The Champion

November 2007 , Page 28 

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Brendlin's Consequential Treasure Trove

By Michael J. Wrubel

After a Terry stop, can the seizure still devolve into a consensual encounter without the seized detainee being given advance permission to leave? 

In a relatively short opinion handed down in June 2007, the Supreme Court held in Brendlin v. California1 that when a vehicle is pulled over for a traffic stop, the driver and any passengers in the vehicle are seized. Most criminal defense practitioners hailed the decision as a surprising extension of simple logic by our conservative High Court. Perhaps the most surprising aspect of the ruling was the fact that the decision was unanimous.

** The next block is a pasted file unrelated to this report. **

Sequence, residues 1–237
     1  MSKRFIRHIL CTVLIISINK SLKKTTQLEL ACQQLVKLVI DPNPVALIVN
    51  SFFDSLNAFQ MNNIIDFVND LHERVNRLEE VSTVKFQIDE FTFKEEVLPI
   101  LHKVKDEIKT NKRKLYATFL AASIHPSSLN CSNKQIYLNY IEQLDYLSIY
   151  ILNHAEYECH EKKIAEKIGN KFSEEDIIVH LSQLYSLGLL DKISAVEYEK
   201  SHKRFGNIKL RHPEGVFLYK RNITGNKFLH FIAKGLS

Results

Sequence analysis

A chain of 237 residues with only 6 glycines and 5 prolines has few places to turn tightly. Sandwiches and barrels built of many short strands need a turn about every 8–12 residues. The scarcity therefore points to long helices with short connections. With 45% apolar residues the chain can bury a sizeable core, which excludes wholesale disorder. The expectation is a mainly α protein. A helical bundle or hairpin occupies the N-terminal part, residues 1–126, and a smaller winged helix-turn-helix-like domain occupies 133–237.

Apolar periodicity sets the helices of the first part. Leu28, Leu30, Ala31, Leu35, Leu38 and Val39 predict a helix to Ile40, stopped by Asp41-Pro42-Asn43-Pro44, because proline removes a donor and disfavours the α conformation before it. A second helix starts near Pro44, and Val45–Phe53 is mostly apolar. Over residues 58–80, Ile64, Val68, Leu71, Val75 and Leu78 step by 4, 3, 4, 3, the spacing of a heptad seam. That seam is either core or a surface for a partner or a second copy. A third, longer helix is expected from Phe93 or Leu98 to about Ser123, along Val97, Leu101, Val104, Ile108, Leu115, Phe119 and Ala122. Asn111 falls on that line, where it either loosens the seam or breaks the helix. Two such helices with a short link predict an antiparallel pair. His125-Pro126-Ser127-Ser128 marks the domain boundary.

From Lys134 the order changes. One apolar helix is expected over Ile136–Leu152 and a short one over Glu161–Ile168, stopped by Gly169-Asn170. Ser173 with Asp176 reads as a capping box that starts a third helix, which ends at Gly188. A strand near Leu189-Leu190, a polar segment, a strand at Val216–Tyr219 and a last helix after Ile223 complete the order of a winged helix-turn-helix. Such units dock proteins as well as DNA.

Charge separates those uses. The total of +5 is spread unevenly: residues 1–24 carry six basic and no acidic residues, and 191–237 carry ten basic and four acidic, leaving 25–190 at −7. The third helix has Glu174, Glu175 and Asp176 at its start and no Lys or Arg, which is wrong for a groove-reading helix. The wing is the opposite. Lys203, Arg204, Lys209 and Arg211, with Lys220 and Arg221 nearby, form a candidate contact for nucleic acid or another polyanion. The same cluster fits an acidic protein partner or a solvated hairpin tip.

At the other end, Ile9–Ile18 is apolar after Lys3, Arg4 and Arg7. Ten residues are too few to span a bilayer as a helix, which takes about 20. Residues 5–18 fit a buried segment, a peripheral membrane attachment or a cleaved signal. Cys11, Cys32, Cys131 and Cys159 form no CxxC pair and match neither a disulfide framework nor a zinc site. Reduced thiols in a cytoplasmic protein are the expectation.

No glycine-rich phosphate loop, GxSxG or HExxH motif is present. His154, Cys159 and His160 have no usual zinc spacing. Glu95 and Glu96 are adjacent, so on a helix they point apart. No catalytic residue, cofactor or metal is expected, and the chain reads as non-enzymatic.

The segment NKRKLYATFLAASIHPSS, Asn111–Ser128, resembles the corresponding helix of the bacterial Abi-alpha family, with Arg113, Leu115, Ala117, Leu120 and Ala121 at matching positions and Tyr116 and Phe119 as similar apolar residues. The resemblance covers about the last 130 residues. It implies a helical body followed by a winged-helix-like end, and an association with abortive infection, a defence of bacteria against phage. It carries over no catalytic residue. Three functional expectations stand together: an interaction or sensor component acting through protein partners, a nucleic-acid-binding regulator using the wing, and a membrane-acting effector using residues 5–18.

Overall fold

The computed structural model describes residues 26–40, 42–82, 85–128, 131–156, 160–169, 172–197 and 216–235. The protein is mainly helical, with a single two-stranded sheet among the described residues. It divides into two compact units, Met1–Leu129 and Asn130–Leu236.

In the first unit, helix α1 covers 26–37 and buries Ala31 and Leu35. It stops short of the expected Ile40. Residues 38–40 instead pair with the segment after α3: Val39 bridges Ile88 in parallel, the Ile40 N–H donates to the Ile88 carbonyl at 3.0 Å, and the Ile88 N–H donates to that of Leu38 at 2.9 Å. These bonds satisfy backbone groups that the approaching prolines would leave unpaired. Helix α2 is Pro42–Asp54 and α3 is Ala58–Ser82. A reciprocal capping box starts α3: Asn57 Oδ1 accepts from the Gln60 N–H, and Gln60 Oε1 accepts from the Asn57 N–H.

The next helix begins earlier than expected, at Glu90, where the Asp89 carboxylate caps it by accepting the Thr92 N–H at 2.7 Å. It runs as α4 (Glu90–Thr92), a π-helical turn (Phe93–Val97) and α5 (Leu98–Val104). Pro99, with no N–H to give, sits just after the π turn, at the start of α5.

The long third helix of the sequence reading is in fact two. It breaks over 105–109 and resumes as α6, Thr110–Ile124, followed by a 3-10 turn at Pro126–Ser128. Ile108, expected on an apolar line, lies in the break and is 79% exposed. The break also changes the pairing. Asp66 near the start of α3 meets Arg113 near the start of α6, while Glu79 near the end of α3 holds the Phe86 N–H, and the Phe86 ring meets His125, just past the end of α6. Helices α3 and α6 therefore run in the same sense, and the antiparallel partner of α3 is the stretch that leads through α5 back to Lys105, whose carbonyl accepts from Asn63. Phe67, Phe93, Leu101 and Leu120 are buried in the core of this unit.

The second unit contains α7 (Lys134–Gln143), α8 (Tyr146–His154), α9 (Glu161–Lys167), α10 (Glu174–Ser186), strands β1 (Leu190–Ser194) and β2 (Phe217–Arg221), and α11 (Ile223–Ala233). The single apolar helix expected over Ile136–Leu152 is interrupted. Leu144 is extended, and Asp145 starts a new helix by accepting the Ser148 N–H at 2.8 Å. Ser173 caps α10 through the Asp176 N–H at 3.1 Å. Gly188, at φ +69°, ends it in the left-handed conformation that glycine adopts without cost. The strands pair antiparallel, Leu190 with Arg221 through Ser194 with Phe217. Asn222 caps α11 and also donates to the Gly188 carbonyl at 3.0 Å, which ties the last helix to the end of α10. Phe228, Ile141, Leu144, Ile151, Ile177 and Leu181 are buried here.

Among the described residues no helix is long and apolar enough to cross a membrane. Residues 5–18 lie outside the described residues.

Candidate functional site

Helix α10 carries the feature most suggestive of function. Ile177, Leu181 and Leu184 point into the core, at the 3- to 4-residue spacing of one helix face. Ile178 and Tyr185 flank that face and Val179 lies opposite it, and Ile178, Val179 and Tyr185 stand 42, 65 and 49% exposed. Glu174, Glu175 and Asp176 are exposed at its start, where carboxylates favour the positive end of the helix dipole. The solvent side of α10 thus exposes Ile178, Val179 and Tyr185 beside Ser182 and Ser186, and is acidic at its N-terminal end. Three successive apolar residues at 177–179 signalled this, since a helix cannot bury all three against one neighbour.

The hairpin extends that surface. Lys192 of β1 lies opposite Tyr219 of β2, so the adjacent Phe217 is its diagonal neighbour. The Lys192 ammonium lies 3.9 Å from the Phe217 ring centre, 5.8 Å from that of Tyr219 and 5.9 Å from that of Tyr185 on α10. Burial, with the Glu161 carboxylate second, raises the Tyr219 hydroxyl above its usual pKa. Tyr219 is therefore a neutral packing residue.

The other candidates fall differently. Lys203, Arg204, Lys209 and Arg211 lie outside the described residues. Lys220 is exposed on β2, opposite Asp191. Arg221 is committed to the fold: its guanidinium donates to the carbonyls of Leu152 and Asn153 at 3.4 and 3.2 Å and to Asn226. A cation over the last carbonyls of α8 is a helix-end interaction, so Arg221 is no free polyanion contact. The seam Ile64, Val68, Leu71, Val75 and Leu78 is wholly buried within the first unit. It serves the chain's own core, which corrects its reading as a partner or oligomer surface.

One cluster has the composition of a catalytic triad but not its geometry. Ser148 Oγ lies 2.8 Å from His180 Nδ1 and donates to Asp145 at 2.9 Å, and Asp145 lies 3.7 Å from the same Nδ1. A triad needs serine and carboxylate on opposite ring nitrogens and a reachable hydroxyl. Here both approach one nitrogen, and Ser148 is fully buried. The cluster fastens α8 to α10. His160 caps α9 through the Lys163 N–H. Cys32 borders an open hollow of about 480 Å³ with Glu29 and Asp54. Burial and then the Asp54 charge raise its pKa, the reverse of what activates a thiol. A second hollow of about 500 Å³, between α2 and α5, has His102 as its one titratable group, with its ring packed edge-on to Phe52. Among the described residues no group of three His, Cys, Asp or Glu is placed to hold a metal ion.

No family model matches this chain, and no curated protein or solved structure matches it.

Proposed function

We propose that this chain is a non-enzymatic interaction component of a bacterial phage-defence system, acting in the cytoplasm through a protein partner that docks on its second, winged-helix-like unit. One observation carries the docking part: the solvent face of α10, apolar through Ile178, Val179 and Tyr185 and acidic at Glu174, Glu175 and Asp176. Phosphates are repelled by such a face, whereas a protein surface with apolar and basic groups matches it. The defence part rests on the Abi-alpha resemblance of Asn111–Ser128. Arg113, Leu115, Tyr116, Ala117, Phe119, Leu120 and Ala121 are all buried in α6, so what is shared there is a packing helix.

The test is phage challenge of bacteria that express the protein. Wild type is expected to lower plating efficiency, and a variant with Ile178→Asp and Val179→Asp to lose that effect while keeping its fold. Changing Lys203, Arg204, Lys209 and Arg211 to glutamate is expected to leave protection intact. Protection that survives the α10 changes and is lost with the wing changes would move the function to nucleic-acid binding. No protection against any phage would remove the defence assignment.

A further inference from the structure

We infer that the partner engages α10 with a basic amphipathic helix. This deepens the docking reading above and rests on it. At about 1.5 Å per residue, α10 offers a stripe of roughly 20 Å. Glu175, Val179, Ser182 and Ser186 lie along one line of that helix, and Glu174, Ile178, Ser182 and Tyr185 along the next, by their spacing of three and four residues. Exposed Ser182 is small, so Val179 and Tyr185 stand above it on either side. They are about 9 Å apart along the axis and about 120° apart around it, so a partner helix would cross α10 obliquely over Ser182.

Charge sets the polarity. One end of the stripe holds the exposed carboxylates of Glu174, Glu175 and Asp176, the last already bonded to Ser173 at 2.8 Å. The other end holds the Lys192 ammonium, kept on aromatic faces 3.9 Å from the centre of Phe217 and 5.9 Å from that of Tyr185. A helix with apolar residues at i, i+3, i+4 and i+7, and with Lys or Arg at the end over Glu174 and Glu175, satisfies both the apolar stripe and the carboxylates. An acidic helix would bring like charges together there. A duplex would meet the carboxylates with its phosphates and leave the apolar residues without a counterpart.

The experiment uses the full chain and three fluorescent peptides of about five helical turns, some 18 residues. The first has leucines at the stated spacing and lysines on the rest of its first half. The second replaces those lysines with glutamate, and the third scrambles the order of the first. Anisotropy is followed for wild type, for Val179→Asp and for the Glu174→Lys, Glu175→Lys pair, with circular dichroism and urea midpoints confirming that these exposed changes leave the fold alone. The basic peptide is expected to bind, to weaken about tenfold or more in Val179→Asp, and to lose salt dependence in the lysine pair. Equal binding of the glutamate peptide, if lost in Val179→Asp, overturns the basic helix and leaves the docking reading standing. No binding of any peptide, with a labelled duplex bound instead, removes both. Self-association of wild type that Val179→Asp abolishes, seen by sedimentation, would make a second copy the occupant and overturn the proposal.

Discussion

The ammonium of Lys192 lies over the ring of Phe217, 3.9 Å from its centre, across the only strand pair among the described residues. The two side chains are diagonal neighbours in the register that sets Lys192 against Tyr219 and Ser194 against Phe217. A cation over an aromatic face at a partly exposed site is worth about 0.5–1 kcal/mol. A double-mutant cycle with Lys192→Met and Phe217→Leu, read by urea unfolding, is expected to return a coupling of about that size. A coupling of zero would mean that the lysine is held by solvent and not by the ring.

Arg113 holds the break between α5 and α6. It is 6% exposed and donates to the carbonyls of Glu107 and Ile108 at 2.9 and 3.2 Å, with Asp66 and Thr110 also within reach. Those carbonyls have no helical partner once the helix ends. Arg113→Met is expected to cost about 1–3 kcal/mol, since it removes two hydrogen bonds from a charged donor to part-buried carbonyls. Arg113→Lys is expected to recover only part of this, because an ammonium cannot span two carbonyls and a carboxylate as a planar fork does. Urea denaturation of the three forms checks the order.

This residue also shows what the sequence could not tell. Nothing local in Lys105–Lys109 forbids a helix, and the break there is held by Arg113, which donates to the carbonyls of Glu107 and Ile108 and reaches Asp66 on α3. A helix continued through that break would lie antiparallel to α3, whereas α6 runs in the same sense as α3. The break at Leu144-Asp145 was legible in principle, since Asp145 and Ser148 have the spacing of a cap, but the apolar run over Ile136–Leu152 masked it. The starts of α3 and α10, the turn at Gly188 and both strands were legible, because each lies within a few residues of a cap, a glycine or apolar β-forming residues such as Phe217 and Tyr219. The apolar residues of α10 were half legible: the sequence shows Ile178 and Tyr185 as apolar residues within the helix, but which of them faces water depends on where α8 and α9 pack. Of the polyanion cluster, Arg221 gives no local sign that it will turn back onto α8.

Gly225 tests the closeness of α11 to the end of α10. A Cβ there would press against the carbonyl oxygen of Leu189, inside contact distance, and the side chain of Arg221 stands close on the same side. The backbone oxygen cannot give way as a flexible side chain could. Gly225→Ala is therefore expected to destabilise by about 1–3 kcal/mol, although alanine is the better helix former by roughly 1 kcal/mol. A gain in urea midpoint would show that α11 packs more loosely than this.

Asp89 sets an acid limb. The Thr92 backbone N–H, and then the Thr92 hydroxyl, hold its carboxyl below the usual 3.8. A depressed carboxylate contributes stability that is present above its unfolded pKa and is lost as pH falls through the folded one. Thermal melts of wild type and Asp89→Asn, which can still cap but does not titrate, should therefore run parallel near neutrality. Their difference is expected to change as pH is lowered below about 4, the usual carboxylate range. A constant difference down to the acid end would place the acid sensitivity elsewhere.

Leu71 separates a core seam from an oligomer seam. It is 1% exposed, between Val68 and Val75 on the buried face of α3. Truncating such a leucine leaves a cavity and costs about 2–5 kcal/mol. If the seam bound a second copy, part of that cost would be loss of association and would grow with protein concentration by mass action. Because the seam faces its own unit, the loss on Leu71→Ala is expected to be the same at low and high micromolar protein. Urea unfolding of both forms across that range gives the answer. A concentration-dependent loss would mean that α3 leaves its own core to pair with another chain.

Ever since Delaware v. Prouse,2 when the Court initially held that drivers pulled over to the side of the road in traffic stops were temporarily seized for Fourth Amendment purposes, questions have remained as to whether passengers could assert that their Fourth Amendment rights had been violated when an illegal traffic stop led to the discovery of evidence used to prosecute the

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